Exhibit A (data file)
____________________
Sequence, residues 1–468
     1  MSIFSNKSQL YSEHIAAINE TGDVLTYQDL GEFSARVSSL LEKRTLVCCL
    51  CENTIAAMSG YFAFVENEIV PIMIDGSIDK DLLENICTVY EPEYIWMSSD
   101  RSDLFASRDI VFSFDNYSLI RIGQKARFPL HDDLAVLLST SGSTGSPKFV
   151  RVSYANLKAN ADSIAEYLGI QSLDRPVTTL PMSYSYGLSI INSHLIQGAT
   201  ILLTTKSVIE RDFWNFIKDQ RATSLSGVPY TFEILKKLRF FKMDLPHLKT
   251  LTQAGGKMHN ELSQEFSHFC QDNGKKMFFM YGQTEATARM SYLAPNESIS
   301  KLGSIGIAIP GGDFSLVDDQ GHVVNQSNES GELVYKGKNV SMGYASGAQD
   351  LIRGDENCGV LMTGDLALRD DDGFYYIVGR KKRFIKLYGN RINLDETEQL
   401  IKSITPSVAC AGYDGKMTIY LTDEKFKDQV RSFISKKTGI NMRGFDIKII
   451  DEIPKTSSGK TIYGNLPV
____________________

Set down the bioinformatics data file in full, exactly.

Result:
Sequence, residues 1–468
     1  MSIFSNKSQL YSEHIAAINE TGDVLTYQDL GEFSARVSSL LEKRTLVCCL
    51  CENTIAAMSG YFAFVENEIV PIMIDGSIDK DLLENICTVY EPEYIWMSSD
   101  RSDLFASRDI VFSFDNYSLI RIGQKARFPL HDDLAVLLST SGSTGSPKFV
   151  RVSYANLKAN ADSIAEYLGI QSLDRPVTTL PMSYSYGLSI INSHLIQGAT
   201  ILLTTKSVIE RDFWNFIKDQ RATSLSGVPY TFEILKKLRF FKMDLPHLKT
   251  LTQAGGKMHN ELSQEFSHFC QDNGKKMFFM YGQTEATARM SYLAPNESIS
   301  KLGSIGIAIP GGDFSLVDDQ GHVVNQSNES GELVYKGKNV SMGYASGAQD
   351  LIRGDENCGV LMTGDLALRD DDGFYYIVGR KKRFIKLYGN RINLDETEQL
   401  IKSITPSVAC AGYDGKMTIY LTDEKFKDQV RSFISKKTGI NMRGFDIKII
   451  DEIPKTSSGK TIYGNLPV